"Guys, we have a problem. There is a shambling hoard of zombies coming right towards us. Even with twice our current level of optimization, we will be unable to hold them off for very long."

A rusted and splintered spear passes through the door with a thundering crack and impales her in the stomach.

"Well, this should save some supplies," she says, before falling to the floor.

Now for rules and guidelines:

1. This is a Pathfinder game, starting from level one. The characters that you make will hopefully be reflected (not necessary, as I will never be able to know) on your own self in real life. Think of your strengths and weaknesses and try to apply them here.

2. Use the guideline that 10 on the attribute scale is roughly the human average. We will be using a ten point buy system, to keep it so that we are not superheroes, yet strong enough not to be utterly destroyed.

3. Each character will start with 4,000 gp worth of items, your choice, to help balance out the lack of point buy. Just keep in mind that the setting is dystopian an many of your supplies will not replenish for a while, so bring what you need. Travel light! There is a lot of movement in this game, and escaping from zombies in a cart is not so easy. Bags of holding are recommended.

4. There are a LOT OF ZOMBIES. Zombies are immune to sneak attack, so keep that in mind.

5. As this is a homebrew setting, the existing gods for other settings do not exist. Clerics receive their powers from ideals only, not gods. If there is something that has a pre-requisite of a god, but that is unavailable, we can work to modify it so it can be used.\

6. Non-uberpowerful classes receive 15 point buy at the beginning.


Also, trying to work out a time for this.

Tempest - No Playwrights allowed

04 April 2011 - 10:43 PM

So Archi introduced me to this very fun game, called Tempest. Now it is essentially real-time chess. One can move any piece that they would like at any time, but there is a cooldown following its movement before it can be moved again (varying on game type).

Now the great thing about the game is that all you need to learn is how chess pieces move. After that, it bears no resemblance to chess strategy whatsoever. Of course, I am pretty horrible at Tempest, when I tried to apply real chess openings and strategies to it.

So how the pieces move, if anyone is curious:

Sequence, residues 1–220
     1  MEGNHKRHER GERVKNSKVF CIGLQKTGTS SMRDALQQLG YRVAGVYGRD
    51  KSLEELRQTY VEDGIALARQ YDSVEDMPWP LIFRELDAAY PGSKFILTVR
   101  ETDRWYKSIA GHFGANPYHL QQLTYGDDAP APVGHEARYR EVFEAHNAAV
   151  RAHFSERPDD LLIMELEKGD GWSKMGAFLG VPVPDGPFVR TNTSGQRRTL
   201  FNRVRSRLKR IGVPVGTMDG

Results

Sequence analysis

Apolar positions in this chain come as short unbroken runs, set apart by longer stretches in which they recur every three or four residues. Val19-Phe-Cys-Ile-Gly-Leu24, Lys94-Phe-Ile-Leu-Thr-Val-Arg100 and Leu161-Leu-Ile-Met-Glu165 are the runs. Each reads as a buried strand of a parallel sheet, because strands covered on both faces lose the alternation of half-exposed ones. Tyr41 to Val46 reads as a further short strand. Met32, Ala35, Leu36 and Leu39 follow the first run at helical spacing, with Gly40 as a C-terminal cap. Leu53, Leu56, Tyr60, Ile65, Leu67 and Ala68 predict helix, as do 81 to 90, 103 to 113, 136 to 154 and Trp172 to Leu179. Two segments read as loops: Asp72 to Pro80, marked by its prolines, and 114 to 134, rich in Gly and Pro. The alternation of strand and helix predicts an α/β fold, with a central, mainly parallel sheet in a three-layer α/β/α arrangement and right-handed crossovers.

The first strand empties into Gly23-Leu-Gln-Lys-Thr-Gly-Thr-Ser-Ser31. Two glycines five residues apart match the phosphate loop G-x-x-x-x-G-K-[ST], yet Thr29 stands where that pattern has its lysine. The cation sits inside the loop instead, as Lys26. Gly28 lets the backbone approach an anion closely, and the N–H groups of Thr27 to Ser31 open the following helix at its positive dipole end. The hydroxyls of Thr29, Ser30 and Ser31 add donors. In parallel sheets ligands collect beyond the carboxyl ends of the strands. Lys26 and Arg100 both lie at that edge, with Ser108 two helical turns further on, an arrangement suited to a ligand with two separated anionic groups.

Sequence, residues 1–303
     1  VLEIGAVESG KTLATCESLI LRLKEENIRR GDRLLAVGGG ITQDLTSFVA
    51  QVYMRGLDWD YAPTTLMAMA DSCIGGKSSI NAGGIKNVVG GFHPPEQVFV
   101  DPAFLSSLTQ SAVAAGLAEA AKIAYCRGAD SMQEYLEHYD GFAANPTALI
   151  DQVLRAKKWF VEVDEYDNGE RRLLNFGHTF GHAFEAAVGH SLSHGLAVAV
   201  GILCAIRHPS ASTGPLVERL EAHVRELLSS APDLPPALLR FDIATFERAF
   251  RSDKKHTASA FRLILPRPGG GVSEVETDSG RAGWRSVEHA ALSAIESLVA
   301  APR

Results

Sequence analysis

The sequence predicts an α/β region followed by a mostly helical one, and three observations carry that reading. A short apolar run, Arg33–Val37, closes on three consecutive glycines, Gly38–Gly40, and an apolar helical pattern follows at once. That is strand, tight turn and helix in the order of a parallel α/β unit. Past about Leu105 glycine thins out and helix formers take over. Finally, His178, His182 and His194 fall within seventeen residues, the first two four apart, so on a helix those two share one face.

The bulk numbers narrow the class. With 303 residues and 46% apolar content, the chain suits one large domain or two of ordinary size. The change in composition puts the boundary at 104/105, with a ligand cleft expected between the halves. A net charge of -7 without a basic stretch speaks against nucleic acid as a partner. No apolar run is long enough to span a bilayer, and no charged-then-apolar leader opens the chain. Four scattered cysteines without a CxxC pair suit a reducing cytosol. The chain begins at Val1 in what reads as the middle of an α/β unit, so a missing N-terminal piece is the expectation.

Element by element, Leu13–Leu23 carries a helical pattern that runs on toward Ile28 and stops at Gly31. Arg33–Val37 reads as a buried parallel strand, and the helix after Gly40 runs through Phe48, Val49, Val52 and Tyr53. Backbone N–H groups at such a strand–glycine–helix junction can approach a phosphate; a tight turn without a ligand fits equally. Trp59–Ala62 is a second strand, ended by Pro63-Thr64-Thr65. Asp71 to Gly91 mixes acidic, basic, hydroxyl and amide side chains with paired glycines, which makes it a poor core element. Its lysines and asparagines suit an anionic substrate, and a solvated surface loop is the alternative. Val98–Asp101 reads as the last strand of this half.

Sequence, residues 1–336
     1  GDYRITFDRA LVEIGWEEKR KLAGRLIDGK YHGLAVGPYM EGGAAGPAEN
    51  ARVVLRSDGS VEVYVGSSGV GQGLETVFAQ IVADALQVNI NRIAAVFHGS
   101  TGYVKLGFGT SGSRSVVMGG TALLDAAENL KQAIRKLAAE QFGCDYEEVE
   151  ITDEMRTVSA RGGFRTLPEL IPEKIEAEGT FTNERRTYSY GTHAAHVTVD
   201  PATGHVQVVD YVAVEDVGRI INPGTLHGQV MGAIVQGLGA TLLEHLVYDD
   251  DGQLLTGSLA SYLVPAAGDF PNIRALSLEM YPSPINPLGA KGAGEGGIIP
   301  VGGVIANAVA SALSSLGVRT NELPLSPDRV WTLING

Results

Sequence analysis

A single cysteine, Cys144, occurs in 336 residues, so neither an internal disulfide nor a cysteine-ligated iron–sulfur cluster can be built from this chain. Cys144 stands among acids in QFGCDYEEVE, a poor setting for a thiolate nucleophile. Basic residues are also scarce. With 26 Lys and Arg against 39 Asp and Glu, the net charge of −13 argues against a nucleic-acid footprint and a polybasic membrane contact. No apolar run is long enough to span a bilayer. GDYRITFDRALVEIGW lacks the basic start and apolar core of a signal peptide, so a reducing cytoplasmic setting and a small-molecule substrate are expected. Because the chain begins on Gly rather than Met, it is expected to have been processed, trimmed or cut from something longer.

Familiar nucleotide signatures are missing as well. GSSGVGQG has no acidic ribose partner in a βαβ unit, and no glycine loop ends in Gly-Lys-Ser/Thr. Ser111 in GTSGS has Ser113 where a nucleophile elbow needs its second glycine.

Pawns - Move forward one square usually, but can move two squares if it hasn't moved before. Only moves forward and can only capture directly diagonally
Knight - L Shaped. Two squares one way and one square another, making an L shaped. They can also jump over pieces.
Bishops - Move as diagonally as far as they want
Rooks - Move as far horizontally or vertically
Queen - Can move diagonally, horizontally, or vertically as far as it wants
King - One square in any direction

Now I was thinking it could become a fun tavern game because no one has basically learned the theory or have any idea about the game, it is relatively fast and easy to set up, there is an existing server that is free, and it is really easy to learn.

To find the site, search "tempest chess"

Thoughts, questions, comments? Please post if you are interested! This does require a small download, but I am pretty sure it is safe, seeing as it is essentially the hub for this game.

The Tale of Lone Cities

30 September 2010 - 12:02 AM


Thread under construction. Another post will be made when it is completed. Please refer questions and comments to the the Hegemony Questions thread. :thumbup:

Also, anything that I didn't mention in the ruleset, please tell me on the Hegemony Questions thread, so I can add them. Requests for cities are welcome, since the world will probaly only have the largest cities, and I may miss the one you want.


The blasts came sooner and more suddenly than most expected. The sky remained clear blue until the purple glow of the shields flickered on, moments before the missles struck outside the city. The ground shook feverishly and suddenly the world outside the city turned to darkness. While the food stores remained, the inhabitants of the city remained docile. After a week had passed, the dust began to settle, and the shields began to fail.

The population began to shrink as famine struck. Top scientists had created a procedure for reclaiming wasteland into arable farmland, but the process was inefficient and labor intensive. In some places, fuel was still common and allowed the use of machines, but in other places, work began using shovels and [garden tools]. The largest problem for intensive farming, depletion of nutrients, was solved in a simple and elegant way using an abundant resource: human corpses. They were carried or trucked to the outskirts of the city, where they were used as fertilizer. More died from the backbreaking labor and were buried in shallow graves near where they died.

Eventually, the amount of arable land could support those who remained, though in that respect, famine helped more than cultivation ever did. Even the largest cities only had a few hundred thousand inhabitants. Though the human race had suffered more than any other time in history, bitter rivalries still remained. With the nuclear arsenal depleted, mankind had to turn to an old friend: the gun.

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Sitcoms of the 80s and 90s

31 July 2010 - 01:49 PM

I was watching a rerun of Seinfeld yesterday and it made me wonder. What did people feel about the show when the new episodes were being produced?

So my question to the people of Tip.it is, were you alive during the time when these shows were being produced and what was your (and your family's) reaction to it?